On Friday we started the day out with a repeat dive at Blue Corner. We started the dive on the incoming side of the corner, dropped down and hooked in at the 45 foot hook in area. There was a bunch of sharks in front of all the divers and the school of horse eyed jacks did a slow pass in front. Half way through the dive the current died off and we spent the rest of the dive exploring the plateau. At the tip of the corner we took photos of the blue lined snapper and the napoleon wrasse was with us most of the dive. Our second dive was a repeat dive at German Channel. It was a nice incoming current and we were hoping for the mantas to be feeding. We started from the Peleliu State side of the channel. We entered the water and first stopped at the Peleliu side cleaning station. There were no mantas but the grey reef sharks were getting cleaned. It’s always fun to watch them get cleaned because they do this weird tail stand and sway back and forth. We then kicked across the mouth of the channel towards the other cleaning station but in the middle of the channel we saw then mantas feeding in the water column above us. We left the bottom to be close to the schools of fish and had two mantas do several passes around the group. During lunch the big boat started heading back to town. Our guests wanted to dive the wrecks of Palau. Dive three was at The Iro. We tied the boat to the mooring line and descended down to the wreck of the bow. The first thing we saw was the big bow gun totally encrusted with coral and clams. We continued along exploring the top deck of the wreck passing several king posts and super structure. In some black coral bushes by the middle king posts we found the ringed pipe fish. When we reached the stern, we turned around and circled up what we call the “tripod.” This is three posts that come together at the top forming a “tripod.” When we got to the top of the tripod we stayed there for a while photographing all the red anemones and tomato anemone fish that completely cover the top. We then kicked back towards the bow of the wreck going from one king post to the next to end our dive. Our last dive of the day was at the Hafa Dai. We descended down the mooring and circled around the wreck several times finding lion fish, flatworms and a lot of the blue dragon nudibranchs. We returned to the boat and gave the guests a little time to sit back and relax, get a drink and later dinner was ready. It was our special final supper prepared by our chef Ronnie. The guests started with a salad then served themselves to a buffet that consisted of two choices of mixed veggies, prime rib, Yorkshire puddings and a blueberry cheese cake for desert. After dinner the guests sat down on the sofas in front of the television set to watch Ripon’s video of the charter. We all enjoyed this look back at the great week of diving.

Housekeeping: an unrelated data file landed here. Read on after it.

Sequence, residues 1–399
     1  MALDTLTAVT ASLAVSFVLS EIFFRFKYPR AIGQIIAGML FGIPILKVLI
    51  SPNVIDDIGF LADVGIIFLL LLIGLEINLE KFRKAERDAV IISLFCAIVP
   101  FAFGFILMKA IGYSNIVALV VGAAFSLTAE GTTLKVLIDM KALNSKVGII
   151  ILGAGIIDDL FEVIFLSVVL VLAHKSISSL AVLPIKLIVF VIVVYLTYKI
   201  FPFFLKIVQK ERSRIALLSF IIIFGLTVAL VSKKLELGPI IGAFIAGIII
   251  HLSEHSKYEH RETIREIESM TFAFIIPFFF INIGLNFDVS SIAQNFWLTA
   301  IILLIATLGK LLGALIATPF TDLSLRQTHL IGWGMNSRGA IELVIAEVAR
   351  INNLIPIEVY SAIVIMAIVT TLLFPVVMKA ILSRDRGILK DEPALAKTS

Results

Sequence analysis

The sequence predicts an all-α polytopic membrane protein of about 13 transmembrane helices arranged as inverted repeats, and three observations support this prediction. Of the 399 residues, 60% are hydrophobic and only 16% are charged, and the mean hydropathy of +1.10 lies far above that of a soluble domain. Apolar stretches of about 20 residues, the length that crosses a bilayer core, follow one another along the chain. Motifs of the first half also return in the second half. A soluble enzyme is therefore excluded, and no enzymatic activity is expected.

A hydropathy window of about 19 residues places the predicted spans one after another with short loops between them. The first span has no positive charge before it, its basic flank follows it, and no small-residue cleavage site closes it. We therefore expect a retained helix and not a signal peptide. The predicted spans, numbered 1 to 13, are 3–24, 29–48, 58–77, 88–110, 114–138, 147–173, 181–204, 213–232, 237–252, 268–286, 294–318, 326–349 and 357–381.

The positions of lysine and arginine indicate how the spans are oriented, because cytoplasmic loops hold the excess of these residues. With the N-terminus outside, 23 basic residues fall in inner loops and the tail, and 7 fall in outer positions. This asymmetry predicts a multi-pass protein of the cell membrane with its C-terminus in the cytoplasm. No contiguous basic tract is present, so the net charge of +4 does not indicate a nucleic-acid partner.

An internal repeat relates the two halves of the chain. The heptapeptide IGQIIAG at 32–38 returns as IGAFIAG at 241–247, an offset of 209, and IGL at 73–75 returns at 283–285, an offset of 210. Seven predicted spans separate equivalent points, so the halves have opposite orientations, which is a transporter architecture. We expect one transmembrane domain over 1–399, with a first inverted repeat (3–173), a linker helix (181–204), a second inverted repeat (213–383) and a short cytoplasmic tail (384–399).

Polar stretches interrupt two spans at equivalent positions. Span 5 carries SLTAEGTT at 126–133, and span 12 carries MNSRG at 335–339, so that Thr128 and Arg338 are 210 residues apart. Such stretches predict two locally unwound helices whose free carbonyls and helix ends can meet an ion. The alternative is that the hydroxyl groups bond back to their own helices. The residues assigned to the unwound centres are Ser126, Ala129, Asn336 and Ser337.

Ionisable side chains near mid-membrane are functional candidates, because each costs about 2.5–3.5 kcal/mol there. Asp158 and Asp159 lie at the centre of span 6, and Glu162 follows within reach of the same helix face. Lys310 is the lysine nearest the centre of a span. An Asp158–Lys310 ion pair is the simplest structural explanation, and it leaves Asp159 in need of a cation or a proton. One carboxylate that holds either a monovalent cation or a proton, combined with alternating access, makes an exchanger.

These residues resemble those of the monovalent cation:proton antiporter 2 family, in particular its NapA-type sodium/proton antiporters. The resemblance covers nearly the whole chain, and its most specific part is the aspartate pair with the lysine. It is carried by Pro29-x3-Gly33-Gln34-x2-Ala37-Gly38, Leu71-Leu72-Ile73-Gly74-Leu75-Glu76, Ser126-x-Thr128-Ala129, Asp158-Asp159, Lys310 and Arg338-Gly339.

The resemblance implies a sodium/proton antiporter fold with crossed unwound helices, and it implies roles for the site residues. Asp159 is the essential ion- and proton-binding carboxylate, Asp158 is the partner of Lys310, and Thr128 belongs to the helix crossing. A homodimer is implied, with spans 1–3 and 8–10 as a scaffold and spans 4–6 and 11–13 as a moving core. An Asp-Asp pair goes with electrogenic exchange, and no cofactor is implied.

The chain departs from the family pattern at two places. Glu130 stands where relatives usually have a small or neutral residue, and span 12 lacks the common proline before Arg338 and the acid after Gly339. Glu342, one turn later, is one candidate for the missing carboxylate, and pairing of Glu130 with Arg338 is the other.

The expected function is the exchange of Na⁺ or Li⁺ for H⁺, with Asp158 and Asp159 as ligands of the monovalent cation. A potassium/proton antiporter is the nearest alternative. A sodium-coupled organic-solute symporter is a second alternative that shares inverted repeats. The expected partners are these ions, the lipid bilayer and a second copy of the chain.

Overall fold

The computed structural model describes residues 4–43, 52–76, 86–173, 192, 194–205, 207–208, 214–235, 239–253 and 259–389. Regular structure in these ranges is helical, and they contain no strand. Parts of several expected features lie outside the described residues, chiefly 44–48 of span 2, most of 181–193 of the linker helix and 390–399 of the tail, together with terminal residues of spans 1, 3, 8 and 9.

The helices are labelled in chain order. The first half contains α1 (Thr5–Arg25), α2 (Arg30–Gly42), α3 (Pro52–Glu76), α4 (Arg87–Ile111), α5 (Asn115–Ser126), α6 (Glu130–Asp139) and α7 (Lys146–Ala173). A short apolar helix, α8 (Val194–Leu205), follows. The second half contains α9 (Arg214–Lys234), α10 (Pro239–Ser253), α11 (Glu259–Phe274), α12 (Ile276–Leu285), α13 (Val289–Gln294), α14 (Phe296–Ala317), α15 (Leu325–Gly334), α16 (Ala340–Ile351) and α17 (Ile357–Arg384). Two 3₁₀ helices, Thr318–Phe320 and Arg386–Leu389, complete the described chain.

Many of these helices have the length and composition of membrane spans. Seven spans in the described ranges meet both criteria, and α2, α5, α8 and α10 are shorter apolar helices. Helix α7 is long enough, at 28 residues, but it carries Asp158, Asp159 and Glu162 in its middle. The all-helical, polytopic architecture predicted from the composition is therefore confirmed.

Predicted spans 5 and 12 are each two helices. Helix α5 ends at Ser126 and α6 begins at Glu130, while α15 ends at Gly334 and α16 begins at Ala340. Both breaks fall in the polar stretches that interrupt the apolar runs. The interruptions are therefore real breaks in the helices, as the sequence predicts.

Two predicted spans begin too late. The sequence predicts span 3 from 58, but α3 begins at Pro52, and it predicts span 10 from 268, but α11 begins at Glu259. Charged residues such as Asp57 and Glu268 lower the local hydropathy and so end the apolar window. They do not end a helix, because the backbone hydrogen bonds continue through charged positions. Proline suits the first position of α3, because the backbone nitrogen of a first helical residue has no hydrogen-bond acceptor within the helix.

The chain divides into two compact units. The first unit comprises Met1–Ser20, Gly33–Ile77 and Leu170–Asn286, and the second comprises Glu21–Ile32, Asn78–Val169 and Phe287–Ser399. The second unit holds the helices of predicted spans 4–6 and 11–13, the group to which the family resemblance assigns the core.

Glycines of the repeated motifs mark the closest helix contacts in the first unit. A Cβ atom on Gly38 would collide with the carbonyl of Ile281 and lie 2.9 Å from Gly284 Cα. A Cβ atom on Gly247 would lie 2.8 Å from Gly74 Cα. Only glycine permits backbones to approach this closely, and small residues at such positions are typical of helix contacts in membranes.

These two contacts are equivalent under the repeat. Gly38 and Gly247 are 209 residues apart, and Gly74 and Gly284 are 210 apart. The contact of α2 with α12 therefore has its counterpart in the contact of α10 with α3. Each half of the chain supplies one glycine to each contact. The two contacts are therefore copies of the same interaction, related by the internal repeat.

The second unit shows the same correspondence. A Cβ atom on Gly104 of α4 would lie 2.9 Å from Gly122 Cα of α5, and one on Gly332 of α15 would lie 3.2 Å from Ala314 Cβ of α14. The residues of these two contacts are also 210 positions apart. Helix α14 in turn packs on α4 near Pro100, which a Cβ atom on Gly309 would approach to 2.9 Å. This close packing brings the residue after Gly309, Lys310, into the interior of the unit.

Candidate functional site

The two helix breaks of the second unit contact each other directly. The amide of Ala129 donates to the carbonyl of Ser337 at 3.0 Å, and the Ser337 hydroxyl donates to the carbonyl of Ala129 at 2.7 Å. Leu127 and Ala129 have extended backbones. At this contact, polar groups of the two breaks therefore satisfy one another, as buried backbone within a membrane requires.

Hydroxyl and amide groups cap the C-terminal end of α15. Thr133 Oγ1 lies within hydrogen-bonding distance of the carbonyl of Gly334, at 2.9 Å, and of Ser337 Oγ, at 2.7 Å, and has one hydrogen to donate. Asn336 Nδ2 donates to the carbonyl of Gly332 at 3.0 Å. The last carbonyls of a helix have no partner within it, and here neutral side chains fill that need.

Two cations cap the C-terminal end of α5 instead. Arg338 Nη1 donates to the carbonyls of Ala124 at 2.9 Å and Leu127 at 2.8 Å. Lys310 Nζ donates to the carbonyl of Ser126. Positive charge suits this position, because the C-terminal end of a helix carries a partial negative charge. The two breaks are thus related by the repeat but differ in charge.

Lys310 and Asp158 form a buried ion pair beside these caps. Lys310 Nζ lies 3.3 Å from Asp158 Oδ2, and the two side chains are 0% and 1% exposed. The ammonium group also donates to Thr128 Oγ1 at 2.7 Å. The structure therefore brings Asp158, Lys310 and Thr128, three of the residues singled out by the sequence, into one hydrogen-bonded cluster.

We woke up Saturday morning and our first dive was at the Helmet Wreck. We checked out all three cargo holds seeing depth charges, helmets, airplane motors, a spotlight and all the artifacts that have been placed for viewing around the stern. Our last dive of the charter was at Chandelier Cave. The divers surfaced in all four air chambers to take photos of the stalactites and crystal formations inside the chambers. Then outside the cave we found the mandarin fish, some nudibranchs and razor fish. Back at the big boat the guests broke down their gear, wash it and hung it to dry. Soon after lunch was ready and then it was time to settle the bills. Next it was an afternoon of relaxation, shopping in town and whatever else the guests wanted to do. At 6pm we gathered in the salon for the cocktail party and watched a photo slideshow of all the photos our photo pro had taken during the week and at 7pm the guests went ashore for dinner and came back to the boat at 9pm.


Very early Sunday morning we took a couple of guests ashore to be transferred to the airport for their flight. Later the rest of the guests woke up to continental breakfast and before 8am we started loading their luggage on the skiff to drop them on shore to spend at least an extra day in Palau. We would like to thank everyone for joining us this week and hope to see you all again soon.


         -Rock Islands Aggressor Crew